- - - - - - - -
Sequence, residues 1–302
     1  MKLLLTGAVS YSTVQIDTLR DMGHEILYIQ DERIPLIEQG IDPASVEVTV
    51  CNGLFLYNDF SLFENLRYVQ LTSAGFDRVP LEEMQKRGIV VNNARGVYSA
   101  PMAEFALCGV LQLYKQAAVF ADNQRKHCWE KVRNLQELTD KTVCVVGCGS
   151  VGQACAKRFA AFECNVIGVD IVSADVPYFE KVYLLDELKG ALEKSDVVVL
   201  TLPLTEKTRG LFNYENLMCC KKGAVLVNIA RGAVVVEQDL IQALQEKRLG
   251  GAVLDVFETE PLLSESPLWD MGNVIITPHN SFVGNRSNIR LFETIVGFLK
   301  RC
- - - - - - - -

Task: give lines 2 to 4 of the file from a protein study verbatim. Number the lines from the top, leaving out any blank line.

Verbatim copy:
     1  MKLLLTGAVS YSTVQIDTLR DMGHEILYIQ DERIPLIEQG IDPASVEVTV
    51  CNGLFLYNDF SLFENLRYVQ LTSAGFDRVP LEEMQKRGIV VNNARGVYSA
   101  PMAEFALCGV LQLYKQAAVF ADNQRKHCWE KVRNLQELTD KTVCVVGCGS